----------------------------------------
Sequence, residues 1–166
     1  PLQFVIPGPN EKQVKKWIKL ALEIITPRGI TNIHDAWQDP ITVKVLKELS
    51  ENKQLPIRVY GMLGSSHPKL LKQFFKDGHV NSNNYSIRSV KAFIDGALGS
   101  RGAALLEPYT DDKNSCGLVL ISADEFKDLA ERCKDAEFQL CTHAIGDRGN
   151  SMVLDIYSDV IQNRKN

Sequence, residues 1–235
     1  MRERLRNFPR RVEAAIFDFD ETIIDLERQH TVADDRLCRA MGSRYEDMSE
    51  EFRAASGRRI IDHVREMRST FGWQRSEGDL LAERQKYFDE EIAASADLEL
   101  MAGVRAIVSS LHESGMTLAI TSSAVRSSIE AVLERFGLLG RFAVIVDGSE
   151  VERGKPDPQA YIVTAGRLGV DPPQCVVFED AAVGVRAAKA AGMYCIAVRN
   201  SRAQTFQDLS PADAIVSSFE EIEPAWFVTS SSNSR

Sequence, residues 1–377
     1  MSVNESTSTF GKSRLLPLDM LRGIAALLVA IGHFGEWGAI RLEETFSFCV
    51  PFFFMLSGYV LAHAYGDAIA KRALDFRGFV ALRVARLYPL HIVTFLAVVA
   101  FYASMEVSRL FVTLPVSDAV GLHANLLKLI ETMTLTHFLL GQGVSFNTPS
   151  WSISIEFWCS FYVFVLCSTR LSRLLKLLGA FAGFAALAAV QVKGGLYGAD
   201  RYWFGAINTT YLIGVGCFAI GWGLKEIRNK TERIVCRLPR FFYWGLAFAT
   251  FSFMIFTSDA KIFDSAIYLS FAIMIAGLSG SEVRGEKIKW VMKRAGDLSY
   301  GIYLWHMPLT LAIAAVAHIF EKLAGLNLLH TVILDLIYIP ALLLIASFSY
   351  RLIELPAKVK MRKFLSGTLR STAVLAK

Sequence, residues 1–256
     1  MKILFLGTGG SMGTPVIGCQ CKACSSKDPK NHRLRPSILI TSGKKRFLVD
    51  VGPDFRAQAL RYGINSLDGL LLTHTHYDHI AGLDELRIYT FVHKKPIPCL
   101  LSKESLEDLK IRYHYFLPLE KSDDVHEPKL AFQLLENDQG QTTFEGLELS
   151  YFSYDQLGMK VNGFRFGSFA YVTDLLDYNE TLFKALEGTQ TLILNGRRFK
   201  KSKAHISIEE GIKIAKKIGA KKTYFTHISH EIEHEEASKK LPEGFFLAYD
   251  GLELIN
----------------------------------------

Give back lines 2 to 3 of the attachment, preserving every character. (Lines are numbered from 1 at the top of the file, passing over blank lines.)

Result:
     1  PLQFVIPGPN EKQVKKWIKL ALEIITPRGI TNIHDAWQDP ITVKVLKELS
    51  ENKQLPIRVY GMLGSSHPKL LKQFFKDGHV NSNNYSIRSV KAFIDGALGS